In the Mid-South, we regularly see agricultural leases negotiated in a verbal format rather than written. While verbal leases will hold up in a court of law, there are many discrepancies that may arise due to a lack of communication or a differing recollection from either party in the lease. Therefore, even if a verbal lease is enacted, it is prudent for both parties to write down the terms and conditions of the lease.
An important aspect of verbal leasing is the termination date enforced by state law. For written leases, the date of lease termination laid out in the lease agreement designates the end of the lease. In Arkansas, A.C.A. § 18-16-105 states a landowner must notify a tenant under an annual lease that the lease will be terminated at the end of the year by June 30 of the same year. The notice must be in writing and sent via certified mail to the tenant. If no notice of termination is given by this date, the tenant assumes that the lease will continue as is throughout the following year.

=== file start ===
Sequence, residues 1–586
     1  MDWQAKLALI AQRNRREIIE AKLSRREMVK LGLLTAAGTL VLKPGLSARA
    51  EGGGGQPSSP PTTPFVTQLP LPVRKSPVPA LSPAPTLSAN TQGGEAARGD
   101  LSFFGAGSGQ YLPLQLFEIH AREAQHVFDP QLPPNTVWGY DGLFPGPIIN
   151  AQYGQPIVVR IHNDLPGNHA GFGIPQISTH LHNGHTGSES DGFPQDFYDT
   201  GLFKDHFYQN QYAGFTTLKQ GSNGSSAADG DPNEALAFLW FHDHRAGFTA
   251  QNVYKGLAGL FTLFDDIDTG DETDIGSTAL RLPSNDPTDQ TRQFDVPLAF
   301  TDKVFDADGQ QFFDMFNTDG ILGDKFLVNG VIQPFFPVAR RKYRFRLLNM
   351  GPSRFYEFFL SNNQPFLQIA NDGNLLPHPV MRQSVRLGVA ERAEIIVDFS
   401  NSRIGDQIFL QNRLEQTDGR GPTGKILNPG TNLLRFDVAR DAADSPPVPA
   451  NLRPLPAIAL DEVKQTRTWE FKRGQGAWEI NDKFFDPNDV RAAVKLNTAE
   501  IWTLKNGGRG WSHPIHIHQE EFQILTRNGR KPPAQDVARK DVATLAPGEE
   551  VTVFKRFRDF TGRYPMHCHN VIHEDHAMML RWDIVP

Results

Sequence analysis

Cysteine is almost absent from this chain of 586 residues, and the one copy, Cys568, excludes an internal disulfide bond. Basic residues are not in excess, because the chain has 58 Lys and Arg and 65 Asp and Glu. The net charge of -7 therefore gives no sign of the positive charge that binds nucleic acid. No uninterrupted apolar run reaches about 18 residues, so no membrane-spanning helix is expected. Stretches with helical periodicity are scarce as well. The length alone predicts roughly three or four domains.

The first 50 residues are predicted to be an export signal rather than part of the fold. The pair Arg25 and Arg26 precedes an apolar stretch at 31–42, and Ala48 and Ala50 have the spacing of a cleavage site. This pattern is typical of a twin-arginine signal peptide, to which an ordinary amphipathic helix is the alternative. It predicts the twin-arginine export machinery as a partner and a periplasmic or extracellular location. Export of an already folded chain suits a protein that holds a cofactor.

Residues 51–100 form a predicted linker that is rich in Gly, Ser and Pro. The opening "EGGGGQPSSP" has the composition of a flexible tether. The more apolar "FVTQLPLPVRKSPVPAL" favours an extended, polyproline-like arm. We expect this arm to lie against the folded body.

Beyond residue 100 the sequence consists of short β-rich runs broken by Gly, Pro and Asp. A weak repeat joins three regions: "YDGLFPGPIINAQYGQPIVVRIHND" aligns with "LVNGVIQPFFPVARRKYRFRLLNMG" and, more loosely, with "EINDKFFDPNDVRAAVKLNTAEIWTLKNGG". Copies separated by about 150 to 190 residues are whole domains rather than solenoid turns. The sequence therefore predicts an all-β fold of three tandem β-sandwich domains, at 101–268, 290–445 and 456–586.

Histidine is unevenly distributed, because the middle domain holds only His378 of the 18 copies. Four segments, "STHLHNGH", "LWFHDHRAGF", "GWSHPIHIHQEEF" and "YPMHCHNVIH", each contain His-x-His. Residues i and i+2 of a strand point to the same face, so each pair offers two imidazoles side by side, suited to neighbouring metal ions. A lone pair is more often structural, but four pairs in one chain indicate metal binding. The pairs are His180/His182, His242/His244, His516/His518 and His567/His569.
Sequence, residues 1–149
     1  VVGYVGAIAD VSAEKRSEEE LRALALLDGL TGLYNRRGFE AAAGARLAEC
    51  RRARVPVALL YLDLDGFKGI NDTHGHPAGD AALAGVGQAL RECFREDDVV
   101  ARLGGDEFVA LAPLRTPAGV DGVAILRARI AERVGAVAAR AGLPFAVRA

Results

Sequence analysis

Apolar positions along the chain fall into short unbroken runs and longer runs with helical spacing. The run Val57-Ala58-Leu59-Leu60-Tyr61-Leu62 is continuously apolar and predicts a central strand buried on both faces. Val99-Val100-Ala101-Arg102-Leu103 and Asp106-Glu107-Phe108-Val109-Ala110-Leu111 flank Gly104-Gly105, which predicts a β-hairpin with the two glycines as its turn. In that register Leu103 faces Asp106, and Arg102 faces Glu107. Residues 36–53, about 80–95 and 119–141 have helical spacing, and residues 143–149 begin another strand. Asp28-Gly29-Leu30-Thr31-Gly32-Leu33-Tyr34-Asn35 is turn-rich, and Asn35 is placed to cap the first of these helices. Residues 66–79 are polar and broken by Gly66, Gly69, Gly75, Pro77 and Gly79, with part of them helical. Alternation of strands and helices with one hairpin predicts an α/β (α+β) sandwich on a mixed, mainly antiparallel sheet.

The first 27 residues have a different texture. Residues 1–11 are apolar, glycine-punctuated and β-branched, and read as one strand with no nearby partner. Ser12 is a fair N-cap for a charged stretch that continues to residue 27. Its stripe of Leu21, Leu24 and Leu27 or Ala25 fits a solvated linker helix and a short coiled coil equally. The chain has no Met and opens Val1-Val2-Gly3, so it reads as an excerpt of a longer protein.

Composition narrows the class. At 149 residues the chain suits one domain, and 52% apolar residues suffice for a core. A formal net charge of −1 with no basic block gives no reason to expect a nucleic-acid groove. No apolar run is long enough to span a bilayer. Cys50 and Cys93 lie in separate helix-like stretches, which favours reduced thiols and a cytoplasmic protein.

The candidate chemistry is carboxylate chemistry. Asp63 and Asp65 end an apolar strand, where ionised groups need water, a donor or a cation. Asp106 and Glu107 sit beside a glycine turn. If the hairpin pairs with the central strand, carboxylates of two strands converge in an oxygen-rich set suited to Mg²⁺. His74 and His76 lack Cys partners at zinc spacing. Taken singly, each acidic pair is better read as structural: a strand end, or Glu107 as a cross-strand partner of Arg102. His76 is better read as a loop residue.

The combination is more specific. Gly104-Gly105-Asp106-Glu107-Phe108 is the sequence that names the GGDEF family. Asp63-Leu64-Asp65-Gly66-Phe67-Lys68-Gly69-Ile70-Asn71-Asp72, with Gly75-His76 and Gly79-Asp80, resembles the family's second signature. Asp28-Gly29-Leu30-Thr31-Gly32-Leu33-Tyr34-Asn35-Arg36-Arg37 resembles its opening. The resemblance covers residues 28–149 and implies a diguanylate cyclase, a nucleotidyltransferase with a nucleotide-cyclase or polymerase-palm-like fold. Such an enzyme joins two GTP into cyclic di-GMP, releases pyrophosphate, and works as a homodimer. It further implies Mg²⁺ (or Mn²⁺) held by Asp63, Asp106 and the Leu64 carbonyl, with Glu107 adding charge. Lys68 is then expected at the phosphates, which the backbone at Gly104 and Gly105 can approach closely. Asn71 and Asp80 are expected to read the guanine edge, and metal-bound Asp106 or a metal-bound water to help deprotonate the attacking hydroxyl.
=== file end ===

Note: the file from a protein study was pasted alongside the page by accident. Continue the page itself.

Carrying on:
According to MS Code § 89-7-23 (2013), leases in Mississippi that do not expire at a fixed time require written notice to be given at least two months from the end of the year or lease term. Lease terms of a half year or quarter year must have at least one month’s notice of termination, and lease terms lasting monthly or weekly must have one week’s notice of termination.
In Missouri, MO Rev Stat § 441.050 states that an annual lease may be terminated if proper notice is given no fewer than 60 days from the end of the lease. For a month-to-month lease, at least 30 days’ notice must be given. All forms of lease termination notice must be delivered in writing.
For Tennessee, annual leases traditionally see a written notice at least six months before the end of the lease. However, there is no definite law in Tennessee that requires this action. It is important to establish a written lease to protect both the lessor and lessee from any potential disputes.
No matter where your farm is located, we highly recommend working with legal counsel to put your lease in writing to avoid miscommunication about terms and document if heirs or successors become involved during the lease term.